Clyde McCoy, a famous jazz trumpet player, is best remembered for his theme song, Sugar Blues, and popularity spanning seven decades. The song hit in 1931 and 1935, in Columbia and Decca versions, and returned to Billboard Magazine's Country chart in 1941. Johnny Mercer had a vocal hit in 1947.
Introduced in 1967, the Vox Clyde McCoy Wah-wah pedal was the most significant guitar effect of its time. Inspired by McCoy's signature "wah-wah" sound with a trumpet mute that he developed in the late 1920s, the Wah-wah pedal was innvented by a young engineer named Brad Plunkett, who worked for the Thomas Organ Company ? Vox/JMI?s U.S. counterpart ? the wah circuit basically sprang from the 3-position midrange voicing function used on the Vox Super Beatle amplifier.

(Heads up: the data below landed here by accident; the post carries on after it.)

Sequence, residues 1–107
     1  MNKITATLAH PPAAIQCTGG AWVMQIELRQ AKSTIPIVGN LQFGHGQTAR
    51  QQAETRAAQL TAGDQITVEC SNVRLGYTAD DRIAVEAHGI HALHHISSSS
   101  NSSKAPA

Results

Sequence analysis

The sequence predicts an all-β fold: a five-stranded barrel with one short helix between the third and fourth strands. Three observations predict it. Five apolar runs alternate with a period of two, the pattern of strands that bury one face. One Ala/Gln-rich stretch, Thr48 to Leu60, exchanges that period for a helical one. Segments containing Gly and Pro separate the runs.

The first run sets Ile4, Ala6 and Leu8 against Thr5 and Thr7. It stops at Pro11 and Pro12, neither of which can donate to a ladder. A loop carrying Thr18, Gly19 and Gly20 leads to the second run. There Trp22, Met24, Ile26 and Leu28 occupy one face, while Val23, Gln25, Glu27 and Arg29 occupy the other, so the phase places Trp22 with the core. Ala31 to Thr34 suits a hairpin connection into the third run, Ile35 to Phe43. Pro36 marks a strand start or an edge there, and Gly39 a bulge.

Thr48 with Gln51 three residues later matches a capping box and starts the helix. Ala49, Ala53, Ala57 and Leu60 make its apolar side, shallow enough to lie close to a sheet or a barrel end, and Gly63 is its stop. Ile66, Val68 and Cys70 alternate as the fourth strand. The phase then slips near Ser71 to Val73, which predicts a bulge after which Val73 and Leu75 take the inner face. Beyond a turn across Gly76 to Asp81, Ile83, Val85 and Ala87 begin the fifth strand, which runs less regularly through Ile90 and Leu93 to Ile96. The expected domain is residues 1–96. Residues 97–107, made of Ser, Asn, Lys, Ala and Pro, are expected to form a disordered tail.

Vox cleverly packaged the circuit into an enclosure with a rocker pedal attached to the pot and named the new device after trumpeter Clyde McCoy. Early versions of the Clyde McCoy pedal featured an image of McCoy on the bottom panel, which soon gave way to his signature only before the name of the pedal was changed to Cry Baby. Thomas Organ?s failure to trademark the Cry Baby name soon led to the market being flooded with Cry Baby imitations from various parts of the world, including Italy, where the McCoys were originally made.